Abstract: Lee Strickland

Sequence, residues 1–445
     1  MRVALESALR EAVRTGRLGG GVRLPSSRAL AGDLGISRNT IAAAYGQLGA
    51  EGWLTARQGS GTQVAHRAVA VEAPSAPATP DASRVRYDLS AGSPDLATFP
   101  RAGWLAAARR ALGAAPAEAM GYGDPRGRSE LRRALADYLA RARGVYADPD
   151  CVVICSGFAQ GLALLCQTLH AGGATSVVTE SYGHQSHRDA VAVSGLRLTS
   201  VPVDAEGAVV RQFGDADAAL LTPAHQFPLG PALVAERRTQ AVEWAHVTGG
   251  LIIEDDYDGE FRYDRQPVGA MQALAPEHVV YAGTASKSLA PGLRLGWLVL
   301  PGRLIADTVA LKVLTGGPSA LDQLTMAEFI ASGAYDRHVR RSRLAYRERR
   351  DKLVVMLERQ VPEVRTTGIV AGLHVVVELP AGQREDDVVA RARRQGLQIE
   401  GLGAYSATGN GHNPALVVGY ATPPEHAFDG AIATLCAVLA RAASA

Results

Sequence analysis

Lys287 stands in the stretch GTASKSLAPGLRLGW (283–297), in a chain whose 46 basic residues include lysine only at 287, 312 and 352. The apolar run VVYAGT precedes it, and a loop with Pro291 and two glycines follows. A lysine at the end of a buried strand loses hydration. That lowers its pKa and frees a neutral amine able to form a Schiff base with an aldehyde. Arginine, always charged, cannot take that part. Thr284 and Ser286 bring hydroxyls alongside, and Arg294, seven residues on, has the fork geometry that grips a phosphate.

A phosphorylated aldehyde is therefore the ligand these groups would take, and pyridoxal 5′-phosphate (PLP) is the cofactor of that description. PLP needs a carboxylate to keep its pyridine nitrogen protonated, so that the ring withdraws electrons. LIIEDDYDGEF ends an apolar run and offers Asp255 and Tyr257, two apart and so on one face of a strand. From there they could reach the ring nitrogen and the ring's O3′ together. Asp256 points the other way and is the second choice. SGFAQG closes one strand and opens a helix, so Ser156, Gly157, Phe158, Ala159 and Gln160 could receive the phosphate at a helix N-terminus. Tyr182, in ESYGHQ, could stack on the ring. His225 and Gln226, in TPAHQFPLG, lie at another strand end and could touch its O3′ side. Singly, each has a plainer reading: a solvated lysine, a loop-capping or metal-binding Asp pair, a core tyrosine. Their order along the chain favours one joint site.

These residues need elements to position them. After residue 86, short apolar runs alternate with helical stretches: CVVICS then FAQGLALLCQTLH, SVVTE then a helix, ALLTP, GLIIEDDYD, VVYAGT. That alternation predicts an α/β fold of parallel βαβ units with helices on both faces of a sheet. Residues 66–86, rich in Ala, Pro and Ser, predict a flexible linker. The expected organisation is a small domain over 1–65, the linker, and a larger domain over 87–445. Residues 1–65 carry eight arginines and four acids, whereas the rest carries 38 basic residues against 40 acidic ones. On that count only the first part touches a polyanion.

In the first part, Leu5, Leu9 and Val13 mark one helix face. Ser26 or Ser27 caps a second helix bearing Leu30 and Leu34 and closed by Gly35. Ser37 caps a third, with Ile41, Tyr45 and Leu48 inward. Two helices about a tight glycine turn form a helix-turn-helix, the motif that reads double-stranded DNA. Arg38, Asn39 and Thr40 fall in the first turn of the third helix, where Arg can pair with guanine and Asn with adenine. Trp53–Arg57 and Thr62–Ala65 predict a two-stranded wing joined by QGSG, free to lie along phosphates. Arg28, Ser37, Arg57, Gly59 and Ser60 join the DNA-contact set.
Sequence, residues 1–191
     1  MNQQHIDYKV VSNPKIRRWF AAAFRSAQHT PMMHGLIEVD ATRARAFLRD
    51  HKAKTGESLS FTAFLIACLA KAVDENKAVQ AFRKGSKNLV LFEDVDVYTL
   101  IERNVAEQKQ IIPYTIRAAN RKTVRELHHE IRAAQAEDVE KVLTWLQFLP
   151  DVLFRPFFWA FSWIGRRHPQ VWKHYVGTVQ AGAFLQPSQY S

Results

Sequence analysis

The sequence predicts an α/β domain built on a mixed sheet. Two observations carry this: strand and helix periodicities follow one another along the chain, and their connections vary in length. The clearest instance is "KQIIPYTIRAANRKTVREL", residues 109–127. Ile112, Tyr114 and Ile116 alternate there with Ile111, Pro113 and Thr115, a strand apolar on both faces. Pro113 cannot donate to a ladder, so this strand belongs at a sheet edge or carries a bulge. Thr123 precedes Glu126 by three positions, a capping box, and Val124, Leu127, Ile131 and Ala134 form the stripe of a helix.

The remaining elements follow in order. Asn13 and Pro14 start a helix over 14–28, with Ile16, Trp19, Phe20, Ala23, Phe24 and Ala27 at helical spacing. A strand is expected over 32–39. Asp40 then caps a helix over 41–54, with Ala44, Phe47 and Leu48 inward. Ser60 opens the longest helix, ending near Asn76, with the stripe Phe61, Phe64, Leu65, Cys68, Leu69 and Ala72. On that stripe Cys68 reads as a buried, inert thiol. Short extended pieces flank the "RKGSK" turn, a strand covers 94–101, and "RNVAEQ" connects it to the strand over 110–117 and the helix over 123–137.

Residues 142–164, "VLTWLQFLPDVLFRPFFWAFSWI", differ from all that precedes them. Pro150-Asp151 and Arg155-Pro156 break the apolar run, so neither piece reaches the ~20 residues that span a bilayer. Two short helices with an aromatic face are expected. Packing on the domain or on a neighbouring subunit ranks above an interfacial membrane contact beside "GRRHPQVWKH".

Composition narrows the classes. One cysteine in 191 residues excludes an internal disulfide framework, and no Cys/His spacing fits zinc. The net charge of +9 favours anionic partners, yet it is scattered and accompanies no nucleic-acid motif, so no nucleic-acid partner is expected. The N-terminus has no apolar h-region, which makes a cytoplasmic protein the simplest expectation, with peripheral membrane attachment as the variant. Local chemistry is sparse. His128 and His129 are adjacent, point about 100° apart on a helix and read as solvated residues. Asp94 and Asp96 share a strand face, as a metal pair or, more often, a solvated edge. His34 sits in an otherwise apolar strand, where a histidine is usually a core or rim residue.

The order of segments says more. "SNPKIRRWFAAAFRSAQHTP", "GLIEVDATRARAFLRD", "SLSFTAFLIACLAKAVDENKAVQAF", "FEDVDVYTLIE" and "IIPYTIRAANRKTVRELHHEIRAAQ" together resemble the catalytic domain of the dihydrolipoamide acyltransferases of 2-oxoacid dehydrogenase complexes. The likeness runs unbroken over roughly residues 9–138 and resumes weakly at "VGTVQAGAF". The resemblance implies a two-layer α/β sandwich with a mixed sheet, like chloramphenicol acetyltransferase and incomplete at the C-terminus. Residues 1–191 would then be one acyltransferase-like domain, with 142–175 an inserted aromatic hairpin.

Intellectual Freedom in Times of National Security Threats:  Surveillance is a key intelligence tool that has the potential to contribute significantly to the national security but also to infringe our civil liberties in general and intellectual freedom in particular.  This is especially so as information science and technology have expanded dramatically the mechanisms by which data can be collected and knowledge extracted and thereafter disseminated.  Moreover, in times of national or social threat, history has demonstrated that governments often expand powers at the expense of citizen rights, accompanied by arguments that the innocent have nothing to fear, that mistakes can be corrected, and that the status quo will return when the danger is past.  All too often, history also confirms that these powers tend to become a new and diminished baseline of legal rights.  This presentation will consider the evolution of government surveillance in the United States from the emergence of organized policing, through the early efforts to address threats from anarchists and Bolsheviks, to the "red scare" that saw the FBI's infamous "library awareness program," to the passage of the USA Patriot Act addressing the new threat of terrorism, and to the proposals today for additional powers.  In doing so, we will consider not only changes in the law but also the impact of technology (e.g., data mining) on privacy and anonymity and the fact that the seminal information policy question is not merely the initial collection but rather equally the subsequent maintenance, accretion, analysis, utilization for other purposes, and dissemination to other entities.  In conclusion, we will suggest that although a government must have the necessary authorities to defend the public order, there is a concomitant need for effective checks and balances to guarantee individual rights.  Without such counterweights, representative democracies are no more immune from the deleterious effects of ever-expanding governmental powers than a repressive police state.  Over two hundred years ago, James Madison recognized this most significant political truth in the Federalist Papers:  "The accumulation of all powers . in the same hands, whether of one, a few, or many . may justly be pronounced the very definition of tyranny."

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